"Another advantage is the backwards compatibility of the K-7 meaning that any Pentax bayonet mount lens will fit onto it although you may lose focusing and metering."

The K-7 will meter through ANY lens. Even M42 screw-mount lenses mounted with an adapter -- the K-7 will meter through them. The same is true of all other Pentax DSLRs, even the entry-level ones.

Of course, with older lenses, you don't get matrix metering; instead it's center-weighted metering. And with M42 screw-mount lenses mounted with an adapter, it's also stop-down metering. But still metering.

Greg
franken e2
11 3.1k 4 Wales
2 Mar 2010 9:40AM
I agree re metering; I use a few Pentax M series on my K200D. The metering works well in manual mode and stop down.

Ken
Chaitanya 4 14 1 India
2 Mar 2010 6:02PM
Thats quite true at first I was getting F-- error and then I found how to use stop down metering on camera. Since then I am using all my M-series lenses without any problems and metering seems accurate as well. After entering focal length the Shake reduction also works nicely on old lenses.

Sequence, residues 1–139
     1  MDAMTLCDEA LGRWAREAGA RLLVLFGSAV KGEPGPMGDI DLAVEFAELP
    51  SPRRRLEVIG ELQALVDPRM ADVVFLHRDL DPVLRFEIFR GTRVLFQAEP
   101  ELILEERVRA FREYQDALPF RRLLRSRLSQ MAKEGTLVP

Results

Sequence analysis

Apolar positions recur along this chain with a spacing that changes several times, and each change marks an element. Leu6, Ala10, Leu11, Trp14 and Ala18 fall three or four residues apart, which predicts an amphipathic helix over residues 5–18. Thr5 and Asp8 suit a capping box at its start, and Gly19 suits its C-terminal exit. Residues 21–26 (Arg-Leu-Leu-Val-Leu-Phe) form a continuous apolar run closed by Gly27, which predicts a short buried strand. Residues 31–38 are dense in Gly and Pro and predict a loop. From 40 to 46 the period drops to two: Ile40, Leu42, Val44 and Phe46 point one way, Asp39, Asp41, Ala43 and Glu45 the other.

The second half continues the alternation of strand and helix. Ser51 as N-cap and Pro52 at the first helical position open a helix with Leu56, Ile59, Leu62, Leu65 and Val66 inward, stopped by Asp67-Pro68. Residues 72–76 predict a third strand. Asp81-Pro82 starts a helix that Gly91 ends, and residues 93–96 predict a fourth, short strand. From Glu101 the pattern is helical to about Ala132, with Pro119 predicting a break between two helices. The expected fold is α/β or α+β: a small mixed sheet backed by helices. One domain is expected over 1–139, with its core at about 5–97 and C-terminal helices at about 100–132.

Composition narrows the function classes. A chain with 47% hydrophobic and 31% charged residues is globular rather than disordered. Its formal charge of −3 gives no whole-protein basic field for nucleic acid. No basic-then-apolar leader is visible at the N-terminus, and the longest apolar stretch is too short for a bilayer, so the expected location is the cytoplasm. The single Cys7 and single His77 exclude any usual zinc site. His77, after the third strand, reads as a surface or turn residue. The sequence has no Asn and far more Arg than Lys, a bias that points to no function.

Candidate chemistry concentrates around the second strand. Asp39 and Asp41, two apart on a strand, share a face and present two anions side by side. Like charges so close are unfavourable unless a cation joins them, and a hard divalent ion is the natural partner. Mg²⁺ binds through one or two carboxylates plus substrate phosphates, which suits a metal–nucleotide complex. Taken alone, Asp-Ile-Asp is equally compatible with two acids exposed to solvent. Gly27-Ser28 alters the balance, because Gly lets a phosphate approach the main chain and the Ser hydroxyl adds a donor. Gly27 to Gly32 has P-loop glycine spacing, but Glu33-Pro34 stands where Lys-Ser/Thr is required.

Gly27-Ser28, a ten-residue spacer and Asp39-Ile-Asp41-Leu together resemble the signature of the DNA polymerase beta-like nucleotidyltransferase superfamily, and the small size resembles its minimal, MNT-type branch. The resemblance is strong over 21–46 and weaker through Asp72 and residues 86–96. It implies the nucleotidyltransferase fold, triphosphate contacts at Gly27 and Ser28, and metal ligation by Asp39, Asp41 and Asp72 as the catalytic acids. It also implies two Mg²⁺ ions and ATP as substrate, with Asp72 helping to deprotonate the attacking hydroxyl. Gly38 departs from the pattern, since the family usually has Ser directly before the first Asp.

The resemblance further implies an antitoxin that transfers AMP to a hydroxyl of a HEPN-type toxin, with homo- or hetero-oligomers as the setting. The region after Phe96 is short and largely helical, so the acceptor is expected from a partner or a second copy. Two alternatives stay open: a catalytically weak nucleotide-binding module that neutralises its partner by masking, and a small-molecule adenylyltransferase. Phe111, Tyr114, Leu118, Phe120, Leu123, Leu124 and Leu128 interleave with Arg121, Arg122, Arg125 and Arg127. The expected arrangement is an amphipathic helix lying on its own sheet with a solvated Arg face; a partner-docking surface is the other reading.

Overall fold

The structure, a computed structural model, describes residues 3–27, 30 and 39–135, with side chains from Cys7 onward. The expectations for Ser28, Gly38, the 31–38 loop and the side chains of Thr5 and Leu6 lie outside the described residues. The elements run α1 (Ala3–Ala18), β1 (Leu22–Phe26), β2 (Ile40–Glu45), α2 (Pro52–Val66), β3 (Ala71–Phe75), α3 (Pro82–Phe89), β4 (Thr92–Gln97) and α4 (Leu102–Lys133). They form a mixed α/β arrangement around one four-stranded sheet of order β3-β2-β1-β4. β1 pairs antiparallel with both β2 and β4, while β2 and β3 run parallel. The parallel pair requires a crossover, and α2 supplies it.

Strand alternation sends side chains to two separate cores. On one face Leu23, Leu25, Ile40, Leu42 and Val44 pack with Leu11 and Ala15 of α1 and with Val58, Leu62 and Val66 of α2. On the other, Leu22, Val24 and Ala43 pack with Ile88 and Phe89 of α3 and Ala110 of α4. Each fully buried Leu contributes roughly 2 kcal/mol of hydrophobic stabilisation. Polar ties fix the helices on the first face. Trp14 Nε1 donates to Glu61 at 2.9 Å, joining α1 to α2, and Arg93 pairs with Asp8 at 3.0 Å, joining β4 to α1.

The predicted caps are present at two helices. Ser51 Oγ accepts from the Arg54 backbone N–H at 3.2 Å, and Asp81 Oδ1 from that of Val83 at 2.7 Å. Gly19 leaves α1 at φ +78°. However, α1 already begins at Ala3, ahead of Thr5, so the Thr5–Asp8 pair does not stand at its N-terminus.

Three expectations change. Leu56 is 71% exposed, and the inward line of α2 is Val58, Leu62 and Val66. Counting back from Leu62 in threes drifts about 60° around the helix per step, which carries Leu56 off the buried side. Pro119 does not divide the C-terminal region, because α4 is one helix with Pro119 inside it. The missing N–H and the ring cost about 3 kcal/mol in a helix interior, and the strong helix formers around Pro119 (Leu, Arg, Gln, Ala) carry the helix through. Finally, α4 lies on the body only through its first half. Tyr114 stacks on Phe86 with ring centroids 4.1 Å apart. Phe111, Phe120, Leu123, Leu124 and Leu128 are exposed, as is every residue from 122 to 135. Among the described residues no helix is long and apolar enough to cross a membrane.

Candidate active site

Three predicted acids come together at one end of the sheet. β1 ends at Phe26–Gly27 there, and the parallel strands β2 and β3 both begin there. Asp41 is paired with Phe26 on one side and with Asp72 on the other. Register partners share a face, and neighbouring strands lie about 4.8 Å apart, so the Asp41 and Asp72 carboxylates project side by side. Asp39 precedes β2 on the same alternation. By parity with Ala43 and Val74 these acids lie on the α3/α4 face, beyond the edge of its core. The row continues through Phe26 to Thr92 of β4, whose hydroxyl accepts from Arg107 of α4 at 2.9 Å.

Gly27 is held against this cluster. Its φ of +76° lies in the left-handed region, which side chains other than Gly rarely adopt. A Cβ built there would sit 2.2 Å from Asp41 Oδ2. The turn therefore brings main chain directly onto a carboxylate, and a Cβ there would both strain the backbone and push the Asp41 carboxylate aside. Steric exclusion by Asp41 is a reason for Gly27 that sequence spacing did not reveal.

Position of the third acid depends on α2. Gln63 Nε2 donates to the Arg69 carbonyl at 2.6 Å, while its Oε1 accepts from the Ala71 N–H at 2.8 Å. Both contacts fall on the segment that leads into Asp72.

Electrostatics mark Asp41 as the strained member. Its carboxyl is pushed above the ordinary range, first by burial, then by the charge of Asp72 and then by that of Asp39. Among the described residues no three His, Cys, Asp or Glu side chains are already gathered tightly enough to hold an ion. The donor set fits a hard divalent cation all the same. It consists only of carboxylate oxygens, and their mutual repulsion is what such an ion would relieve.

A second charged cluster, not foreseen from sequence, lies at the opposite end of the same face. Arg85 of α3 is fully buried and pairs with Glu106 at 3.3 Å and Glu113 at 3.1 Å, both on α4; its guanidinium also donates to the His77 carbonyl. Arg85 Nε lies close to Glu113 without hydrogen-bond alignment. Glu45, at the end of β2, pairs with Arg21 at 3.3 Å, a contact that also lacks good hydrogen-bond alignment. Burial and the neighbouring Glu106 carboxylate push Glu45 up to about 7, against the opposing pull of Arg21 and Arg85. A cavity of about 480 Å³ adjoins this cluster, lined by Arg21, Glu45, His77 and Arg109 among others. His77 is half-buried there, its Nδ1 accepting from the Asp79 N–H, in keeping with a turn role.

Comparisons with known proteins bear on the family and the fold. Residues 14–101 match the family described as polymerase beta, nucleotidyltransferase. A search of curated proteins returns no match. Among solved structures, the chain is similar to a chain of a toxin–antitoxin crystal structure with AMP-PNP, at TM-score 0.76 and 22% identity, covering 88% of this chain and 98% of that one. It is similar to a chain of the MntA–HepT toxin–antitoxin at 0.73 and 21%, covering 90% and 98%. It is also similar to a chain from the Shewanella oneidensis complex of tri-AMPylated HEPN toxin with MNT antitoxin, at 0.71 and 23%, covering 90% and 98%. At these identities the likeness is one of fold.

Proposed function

strawman 10 22.0k 16 United Kingdom
3 Mar 2010 10:20PM

Quote: The Pentax K-7 has a rear wheel (look at your picture) and the Canon 50D doesn't have...

Yes the 50d does have a front and rear wheel, it is in the picture. and if you use an adapter to fit manual lenses the Canon also meters, it just does not know what the f-stop is, but it calculates the correct shutter speed.

The in-camera HDR setting sounds a waste of time as it only produces JPEG not RAW. Better to capture a series of bracketed images then blend in a piece of HDR software
Toonman 7 1.4k 2 England
4 Mar 2010 7:06AM
Wow Matt! You are the only reviewer who has taken the Pentax over the competition. Brave man and, I think the right choice. I find it sad that Pentax are not given enough credit for some great cameras. I think that the road ahead for Pentax is rocky. That's a real shame because the cameras are good.
Adam
pentaxian 4 12 1
4 Mar 2010 1:45PM